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article imageOp-Ed: What's the over/under on when the Leafs fire Randy Carlyle?

By Rocco Pendola     Sep 10, 2014 in Sports
Toronto Maple Leafs President Brendan Shanahan has his fall guy in place headed into the season. But will he have to use him?
That's really the overarching question as we head into what will be a pivotal season for the Leafs' organization. More cold and calculating than a Director of Player Safety suspension video -- Shanahan has set himself up to succeed even if he and the Leafs fail in the initial stretch of the 2014-15 National Hockey League season.
No matter what happens in October through the holiday period, Shanahan wins. If the Leafs sputter out of the gate, he fires Carlyle and hires a coach who works better within the forward-looking confines of the club's new direction. That'll be something like the company line. If the Leafs perform well early on, but (implode and) fail to make the playoffs or exit in anything close to the way they did in 2013 against Boston, Shanahan sacrifices Carlyle.
In these scenarios or scenarios like them, Shanahan brings in a new coach who would round out the changes he already made both on the staff and in his front office. When asked why he didn't just start 2014-15 without Carlyle, he can argue he felt like the veteran deserved a chance to win with a group of players who, by and large, like him.
Best case scenario for everybody involved -- the Leafs make the postseason and put forth a respectable showing. Because, while Shanahan might have banked time for himself and the new regime by effectively hanging Carlyle out to dry, it's a game of organizational chicken Leafs' fans won't be happy about if it means another mid or offseason reset.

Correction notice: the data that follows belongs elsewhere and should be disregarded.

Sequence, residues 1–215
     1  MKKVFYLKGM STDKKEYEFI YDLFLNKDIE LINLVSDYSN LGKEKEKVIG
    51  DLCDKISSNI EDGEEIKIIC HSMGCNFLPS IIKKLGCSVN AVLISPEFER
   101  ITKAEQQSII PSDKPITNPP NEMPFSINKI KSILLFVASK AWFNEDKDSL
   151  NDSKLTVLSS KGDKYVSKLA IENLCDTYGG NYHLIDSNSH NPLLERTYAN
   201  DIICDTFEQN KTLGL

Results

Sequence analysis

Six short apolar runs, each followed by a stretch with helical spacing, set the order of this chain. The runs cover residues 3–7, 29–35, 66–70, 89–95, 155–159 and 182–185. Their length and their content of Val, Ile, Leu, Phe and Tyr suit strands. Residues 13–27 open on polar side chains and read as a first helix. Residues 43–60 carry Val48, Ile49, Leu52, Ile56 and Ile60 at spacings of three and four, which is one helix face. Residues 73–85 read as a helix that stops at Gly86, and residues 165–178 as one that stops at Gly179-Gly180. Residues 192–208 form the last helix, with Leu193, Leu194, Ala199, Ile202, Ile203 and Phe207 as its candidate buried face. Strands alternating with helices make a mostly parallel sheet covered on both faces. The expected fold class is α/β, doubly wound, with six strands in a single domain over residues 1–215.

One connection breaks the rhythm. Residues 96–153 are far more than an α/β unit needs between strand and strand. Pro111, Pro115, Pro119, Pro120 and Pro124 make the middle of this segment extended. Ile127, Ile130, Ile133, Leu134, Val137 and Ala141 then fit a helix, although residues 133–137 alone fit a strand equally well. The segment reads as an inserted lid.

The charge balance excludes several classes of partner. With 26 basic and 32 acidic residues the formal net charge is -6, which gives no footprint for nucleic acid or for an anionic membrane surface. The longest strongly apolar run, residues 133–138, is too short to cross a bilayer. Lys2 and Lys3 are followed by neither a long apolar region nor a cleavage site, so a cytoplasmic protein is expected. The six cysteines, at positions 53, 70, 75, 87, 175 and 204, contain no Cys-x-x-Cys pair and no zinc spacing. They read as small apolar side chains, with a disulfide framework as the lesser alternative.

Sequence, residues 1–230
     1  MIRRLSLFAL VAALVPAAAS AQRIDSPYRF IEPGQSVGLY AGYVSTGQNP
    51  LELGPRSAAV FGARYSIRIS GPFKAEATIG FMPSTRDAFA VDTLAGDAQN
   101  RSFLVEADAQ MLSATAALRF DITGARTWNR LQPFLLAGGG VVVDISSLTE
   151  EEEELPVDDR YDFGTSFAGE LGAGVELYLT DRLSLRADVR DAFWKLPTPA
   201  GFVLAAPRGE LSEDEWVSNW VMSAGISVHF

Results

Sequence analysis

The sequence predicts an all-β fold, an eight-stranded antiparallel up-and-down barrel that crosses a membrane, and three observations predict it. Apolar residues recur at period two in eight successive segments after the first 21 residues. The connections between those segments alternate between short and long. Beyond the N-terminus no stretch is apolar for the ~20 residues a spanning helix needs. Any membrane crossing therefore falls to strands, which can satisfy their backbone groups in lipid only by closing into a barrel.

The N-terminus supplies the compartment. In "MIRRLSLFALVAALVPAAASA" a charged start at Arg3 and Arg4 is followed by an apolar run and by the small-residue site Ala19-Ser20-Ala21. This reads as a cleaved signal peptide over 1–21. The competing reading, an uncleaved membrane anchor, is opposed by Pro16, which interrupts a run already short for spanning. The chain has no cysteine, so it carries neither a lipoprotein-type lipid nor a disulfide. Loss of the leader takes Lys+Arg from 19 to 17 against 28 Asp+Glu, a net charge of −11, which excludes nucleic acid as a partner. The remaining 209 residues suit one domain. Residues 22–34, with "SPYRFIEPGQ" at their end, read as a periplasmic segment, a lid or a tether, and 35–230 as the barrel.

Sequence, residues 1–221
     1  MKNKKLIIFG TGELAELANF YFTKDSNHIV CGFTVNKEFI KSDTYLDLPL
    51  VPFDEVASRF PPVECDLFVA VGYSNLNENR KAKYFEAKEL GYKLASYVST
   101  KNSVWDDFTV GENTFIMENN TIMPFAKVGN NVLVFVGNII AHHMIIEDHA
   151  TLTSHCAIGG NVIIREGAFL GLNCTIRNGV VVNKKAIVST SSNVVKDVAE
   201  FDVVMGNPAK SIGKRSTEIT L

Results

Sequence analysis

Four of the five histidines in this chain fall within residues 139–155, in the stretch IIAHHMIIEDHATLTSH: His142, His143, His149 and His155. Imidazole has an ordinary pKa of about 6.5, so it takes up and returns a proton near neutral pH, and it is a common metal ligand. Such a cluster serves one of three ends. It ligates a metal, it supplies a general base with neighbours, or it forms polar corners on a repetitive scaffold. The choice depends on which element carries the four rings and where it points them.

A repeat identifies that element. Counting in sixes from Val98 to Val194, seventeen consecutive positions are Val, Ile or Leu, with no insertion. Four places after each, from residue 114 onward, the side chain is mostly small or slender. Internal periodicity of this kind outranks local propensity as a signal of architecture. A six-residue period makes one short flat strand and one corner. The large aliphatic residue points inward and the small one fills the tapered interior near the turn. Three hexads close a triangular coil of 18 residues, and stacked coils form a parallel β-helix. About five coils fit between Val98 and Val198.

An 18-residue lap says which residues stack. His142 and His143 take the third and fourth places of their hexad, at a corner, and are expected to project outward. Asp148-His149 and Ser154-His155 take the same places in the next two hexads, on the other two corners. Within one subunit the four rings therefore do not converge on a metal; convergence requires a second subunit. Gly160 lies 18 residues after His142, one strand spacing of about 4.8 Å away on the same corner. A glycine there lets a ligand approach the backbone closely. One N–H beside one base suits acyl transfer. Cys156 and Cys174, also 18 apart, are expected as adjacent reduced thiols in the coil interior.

Think about it -- if the Leafs are flat out bad, underperform or collapse again, should fans believe all is well outside of Carlyle and Dave Nonis, who, quite possibly could find himself out of a job as well? Probably not. Which means we'll also (finally) see a wholesale turnover of talent, meaning nobody -- from Phaneuf to Kessel -- will be off limits next offseason or maybe even up to the next trade deadline. Which means Shanahan can be slow to change everything because it extends his shelf life if he's able to blame it on the coach (and maybe the GM) first and, subsequently, the players.
As usual, winning could cure everything, making a seemingly shrewd and cunning plan from the former Director of Player Safety moot.
This opinion article was written by an independent writer. The opinions and views expressed herein are those of the author and are not necessarily intended to reflect those of DigitalJournal.com
More about Toronto Maple Leafs, randy carlyle, brendan shanahan, NHL, Hockey
 
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